Ker, W. P. - Medieval literature by Alejandro Zerpa - issuu
We will begin by consideringseveral Latin works essential to an understanding of medieval love literaturein the vernacular: poems by the Roman poet Ovid (43 B.C.
Medieval literature, Author: Alejandro Zerpa, Name: Ker, W
In his critique, C. S. Lewis presupposes that the author and audience of the poem would not have known much about the Green Man, that this ancient motif was only the agent of an exciting story, but where is the evidence for this lack of cultural knowledge on the part of the contemporary audience? On what grounds it is assumed that medieval peoples were not aware of their various cultural inheritances? Since there seems to be more evidence to the contrary, even in the text itself, let us start from the opposite assumption: that people of that day encountering this poem would have recognized the Green Man as the ancient vegetation spirit. Of course, this does not mean the author and audience were secretly pagans. Nor are we uncovering a buried treasure of an earlier time reflected in this late work. But neither is this motif merely ornamental. Its use matches the literary needs of the author to express an essential element of the poems theme, and since this poem has all the trappings of popular culture rather than esoteric discourse, the authors expectation must be that the audience will understand the resonance intended.
Entries should be alphabetized as on a List of Works Cited and shouldbegin with a (consult the and/or your for correct formats!)The annotation should be a brief summary of the primary thrust of the article,essay or book (your medieval text/author --praise for or a critique of the article, essay or book).
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The power of the motif is such that, when Hollywood adapts science fiction literature into film, the resulting movie often incorporates the Frankenstein motif even if the original literature did not--such as the adapation of Isaac Asimov's I, Robot and associated stories into the 2004 movie i, Robot starring Will Smith. (The latter adaptation is particularly striking in that Asimov's original short stories in the I, Robot collection usually depict robots positively as a foil to morally flawed humanity, a departure and antithesis to the Frankenstein motif found in earlier works like R.U.R.)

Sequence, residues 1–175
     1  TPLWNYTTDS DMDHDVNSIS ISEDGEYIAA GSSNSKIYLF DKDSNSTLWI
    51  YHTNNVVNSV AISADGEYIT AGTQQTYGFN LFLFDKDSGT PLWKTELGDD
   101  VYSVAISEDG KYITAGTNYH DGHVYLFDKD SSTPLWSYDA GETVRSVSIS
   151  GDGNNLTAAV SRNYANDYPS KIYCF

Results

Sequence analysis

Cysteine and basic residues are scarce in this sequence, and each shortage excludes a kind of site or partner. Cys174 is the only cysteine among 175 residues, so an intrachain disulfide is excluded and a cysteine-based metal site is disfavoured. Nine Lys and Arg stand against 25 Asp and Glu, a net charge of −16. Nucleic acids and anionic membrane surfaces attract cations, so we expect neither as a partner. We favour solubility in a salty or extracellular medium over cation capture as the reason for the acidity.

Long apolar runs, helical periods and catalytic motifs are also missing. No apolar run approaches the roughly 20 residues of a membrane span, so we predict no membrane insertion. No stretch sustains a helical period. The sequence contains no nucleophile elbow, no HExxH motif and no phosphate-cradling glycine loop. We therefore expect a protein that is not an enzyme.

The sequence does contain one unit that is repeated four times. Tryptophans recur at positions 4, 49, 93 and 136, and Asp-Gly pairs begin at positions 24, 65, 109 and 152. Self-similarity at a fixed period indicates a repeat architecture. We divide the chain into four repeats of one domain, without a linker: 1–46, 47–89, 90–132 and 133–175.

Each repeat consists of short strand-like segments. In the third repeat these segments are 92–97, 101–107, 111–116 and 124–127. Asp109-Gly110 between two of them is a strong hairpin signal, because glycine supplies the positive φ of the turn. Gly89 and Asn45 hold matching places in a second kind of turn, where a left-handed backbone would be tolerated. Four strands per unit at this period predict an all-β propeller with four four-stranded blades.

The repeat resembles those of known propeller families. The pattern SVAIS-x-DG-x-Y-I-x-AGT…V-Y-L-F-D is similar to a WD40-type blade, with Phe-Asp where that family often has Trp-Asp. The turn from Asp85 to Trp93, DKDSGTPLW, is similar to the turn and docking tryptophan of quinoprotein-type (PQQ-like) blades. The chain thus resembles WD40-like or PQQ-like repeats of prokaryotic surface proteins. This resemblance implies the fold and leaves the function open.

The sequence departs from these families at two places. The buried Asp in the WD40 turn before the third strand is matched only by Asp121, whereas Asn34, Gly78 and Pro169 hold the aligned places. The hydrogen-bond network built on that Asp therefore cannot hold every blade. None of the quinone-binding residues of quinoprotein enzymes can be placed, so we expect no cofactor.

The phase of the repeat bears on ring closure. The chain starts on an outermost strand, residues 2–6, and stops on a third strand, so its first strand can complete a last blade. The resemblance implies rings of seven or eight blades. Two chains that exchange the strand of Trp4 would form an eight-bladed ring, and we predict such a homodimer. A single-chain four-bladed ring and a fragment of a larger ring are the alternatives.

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In most cases, however, the spirit of medieval allegory proved fatal, the genuinely abstract characters are mostly shadowy and unreal, and the speeches of the Virtues are extreme examples of intolerable sanctimonious declamation.
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One similarity between the two works is that Odd is also connected with the seasonal myth. Late in his career Odd wanders into the forest and dressing in birch bark becomes the Barkman. He stays dressed like this for years and in this guise eventually becomes a servant of the King of Russia, though he claims to be weak and worthless. After beating the kings best men at all sports and drinking and poetry, the bark dress is peeled away to reveal a handsome, well-dressed and princely Odd beneath (75-94). This motif of the reborn Barkman is familiar from James Frazers and constitutes one of the main stories linked with the resurrecting of ancient Europe. Another similar use of this motif in late medieval literature is in the popular lay , a retelling of the Orpheus myth but greatly mixed with Celtic and Germanic motifs. Orfeo, after wandering in the woods for many years and winning back his wife, Heurodis, from the Fairie King, returns to his court where he is stripped and cleaned and re-emerges as the king of the land. The widespread use of this motif testifies to its currentness in late medieval culture.